Wednesday, April 24, 2024

THURSDAY’S CHILD: Mica’s dream comes true

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FROM THE TIME he was six years old, whenever Mica Shepherd was asked what secondary school he wanted to attend, he would always say: “Harrison College.”
Through his years at Milton Lynch Primary School, Mica refused to forget about his goal. And in this year’s Common Entrance Examination he scored 89 marks in both mathematics and English and a total of 240 marks, which allowed him to achieve his lifelong dream.
During an interview with the DAILY NATION at his Montrose, Christ Church home, Mica, whose accomplishment made him the top student among the boys at his school, said he was “shocked” when he found out what school he had passed for.
“I was at school and my friends told me I was going to Harrison College, but I did not believe them until I got the paper. When I got home I saw my grandmother Marlene Shepherd. She hugged me and the first tear drop fell from my eyes,” he said.
Mica acknowledged that he attended lessons in the Easter vacation and did his class work. However, he pointed out that, unlike other children during the examination season, “things were normal for him”.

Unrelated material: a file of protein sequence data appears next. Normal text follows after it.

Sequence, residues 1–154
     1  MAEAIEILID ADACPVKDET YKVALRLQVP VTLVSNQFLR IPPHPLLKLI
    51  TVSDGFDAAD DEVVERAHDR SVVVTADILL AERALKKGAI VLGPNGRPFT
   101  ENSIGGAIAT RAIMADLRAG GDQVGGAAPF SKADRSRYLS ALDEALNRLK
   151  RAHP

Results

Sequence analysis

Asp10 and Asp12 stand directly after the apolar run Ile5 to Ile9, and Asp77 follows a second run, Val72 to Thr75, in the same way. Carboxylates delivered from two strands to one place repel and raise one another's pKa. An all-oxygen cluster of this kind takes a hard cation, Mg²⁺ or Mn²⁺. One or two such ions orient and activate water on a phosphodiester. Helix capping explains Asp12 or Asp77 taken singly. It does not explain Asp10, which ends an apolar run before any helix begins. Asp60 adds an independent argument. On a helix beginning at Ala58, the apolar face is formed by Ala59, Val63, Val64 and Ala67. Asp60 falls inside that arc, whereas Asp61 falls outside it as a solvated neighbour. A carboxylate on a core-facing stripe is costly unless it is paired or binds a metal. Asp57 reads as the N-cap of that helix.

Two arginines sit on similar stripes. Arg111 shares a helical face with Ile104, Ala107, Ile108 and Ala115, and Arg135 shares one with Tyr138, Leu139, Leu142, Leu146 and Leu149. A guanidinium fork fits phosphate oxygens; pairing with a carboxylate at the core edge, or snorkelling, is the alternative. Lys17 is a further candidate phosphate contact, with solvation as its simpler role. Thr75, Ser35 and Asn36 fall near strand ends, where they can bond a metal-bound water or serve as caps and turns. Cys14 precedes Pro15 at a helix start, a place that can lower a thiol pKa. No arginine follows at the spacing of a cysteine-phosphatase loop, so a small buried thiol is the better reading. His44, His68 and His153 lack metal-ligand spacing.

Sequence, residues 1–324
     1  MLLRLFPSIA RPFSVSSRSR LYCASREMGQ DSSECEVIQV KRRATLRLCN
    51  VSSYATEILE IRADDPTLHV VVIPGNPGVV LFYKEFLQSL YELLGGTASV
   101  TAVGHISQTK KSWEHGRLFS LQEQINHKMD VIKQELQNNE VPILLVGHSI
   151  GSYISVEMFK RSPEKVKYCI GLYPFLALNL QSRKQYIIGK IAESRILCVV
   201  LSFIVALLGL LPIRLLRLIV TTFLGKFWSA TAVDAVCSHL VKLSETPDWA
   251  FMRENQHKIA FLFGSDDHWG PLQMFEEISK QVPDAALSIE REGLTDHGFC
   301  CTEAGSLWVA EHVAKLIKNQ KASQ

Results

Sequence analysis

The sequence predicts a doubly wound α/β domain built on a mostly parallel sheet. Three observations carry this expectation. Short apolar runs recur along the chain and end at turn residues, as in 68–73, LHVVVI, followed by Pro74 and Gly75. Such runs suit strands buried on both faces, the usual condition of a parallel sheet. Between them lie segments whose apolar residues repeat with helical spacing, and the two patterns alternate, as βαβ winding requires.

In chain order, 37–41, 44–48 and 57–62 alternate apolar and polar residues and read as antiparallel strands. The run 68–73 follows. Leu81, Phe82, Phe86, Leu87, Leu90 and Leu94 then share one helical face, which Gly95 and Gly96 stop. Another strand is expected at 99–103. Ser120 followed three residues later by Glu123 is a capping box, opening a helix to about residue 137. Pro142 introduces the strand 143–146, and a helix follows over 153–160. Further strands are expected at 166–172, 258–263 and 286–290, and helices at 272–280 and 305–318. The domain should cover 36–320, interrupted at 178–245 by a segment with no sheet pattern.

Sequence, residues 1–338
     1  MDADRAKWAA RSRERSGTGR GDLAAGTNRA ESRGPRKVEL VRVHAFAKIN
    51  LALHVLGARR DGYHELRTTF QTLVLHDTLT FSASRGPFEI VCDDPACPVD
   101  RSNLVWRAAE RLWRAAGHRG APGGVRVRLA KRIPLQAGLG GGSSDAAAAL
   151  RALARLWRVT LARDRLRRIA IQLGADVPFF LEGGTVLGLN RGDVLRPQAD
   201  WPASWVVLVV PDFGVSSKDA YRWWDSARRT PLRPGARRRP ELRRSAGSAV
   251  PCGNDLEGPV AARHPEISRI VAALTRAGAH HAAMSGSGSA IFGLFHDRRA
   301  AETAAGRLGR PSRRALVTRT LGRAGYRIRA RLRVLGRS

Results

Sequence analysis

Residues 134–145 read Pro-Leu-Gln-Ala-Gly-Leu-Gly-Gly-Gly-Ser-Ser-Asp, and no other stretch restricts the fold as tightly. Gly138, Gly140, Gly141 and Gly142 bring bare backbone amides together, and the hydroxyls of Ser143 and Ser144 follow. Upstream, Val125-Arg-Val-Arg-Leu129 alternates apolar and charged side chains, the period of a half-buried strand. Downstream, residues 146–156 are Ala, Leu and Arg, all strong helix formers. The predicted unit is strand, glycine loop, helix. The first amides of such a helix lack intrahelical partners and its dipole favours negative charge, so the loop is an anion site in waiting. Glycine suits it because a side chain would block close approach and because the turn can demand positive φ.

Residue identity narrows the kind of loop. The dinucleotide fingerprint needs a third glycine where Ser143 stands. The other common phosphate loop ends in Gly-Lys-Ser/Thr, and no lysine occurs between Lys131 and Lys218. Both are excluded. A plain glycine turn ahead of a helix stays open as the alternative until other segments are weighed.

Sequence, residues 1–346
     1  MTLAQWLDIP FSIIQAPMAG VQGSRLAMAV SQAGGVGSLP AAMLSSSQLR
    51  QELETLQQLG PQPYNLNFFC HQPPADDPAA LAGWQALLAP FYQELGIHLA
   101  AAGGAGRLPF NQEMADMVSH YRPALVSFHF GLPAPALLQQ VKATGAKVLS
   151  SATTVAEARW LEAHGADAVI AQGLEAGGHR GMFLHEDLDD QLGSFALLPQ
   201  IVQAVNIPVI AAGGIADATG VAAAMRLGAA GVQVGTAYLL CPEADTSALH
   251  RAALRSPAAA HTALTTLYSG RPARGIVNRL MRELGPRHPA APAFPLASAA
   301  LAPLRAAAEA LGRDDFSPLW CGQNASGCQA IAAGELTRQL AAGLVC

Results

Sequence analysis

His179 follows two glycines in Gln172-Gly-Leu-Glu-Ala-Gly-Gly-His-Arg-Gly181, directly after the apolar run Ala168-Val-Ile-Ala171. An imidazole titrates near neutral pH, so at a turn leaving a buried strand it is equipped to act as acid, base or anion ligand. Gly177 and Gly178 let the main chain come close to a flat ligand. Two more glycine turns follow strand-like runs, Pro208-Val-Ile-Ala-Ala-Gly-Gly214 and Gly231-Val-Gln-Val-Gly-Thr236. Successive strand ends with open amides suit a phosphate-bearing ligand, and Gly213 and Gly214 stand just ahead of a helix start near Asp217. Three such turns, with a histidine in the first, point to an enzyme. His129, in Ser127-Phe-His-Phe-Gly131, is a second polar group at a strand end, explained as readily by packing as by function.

“I did not really have to do anything much because to me all the work was easy at school. I would revise at school and then when I got home [I would] rest and watch some TV. I did not really have much to do around the house, so I just watched television every afternoon when I got home from school.”
Mica’s mother Maxine Shepherd said she was at work when she received news of Mica’s success. She explained that her happiness and joy tempted her to scream but she refused to yield because she did not want people to think she was a “madman”.
However, she indicated that while she knew her son had the potential to accomplish his lifelong dream, his actions leading to the examination caused her to be a “little doubtful as to whether he would make it”.
“I was surprised, not because I didn’t think he could make it but because he always wanted to go there. I knew he could work, but sometimes it seemed to me like he watched more television than any other Class Four child.
“Yes, when he came home, he would go straight and do his homework, but then he would turn to the television. I would always say to him, ‘You can’t go to Harrison College by watching TV; you have to do the worke’,” said the mother of the 11-year-old.
Mica, who has other goals – of becoming a “technician”, of continuing his studies at the Barbados Community College (BCC) and the University of the West Indies, of being a bowler for the West Indies team “to help them win competitions” – has made up his mind that he “will handle all the work that [Harrison College] has for me to do”.  Interestingly, he asked his mother to take him to see the school because he did not know where it was.

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